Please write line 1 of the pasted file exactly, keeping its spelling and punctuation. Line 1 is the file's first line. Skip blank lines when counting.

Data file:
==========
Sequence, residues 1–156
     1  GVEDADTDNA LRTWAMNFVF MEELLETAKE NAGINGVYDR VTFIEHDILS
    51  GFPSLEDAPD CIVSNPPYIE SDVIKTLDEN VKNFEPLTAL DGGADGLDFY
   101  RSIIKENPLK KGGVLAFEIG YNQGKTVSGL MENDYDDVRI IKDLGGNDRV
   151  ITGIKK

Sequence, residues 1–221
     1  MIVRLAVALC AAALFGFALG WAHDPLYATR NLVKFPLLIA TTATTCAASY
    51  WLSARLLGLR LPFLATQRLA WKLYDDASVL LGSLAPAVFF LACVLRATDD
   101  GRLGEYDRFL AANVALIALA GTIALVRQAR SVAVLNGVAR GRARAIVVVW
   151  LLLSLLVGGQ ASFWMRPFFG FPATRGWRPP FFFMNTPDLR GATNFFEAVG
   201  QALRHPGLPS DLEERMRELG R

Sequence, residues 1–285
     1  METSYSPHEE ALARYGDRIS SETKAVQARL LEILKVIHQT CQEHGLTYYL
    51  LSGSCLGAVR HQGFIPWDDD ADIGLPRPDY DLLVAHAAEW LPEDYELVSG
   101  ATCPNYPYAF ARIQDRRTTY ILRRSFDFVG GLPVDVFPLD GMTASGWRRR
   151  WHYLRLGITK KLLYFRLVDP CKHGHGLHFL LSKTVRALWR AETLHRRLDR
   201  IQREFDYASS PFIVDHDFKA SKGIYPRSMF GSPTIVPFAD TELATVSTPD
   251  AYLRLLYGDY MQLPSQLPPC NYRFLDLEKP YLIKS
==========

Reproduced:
Sequence, residues 1–156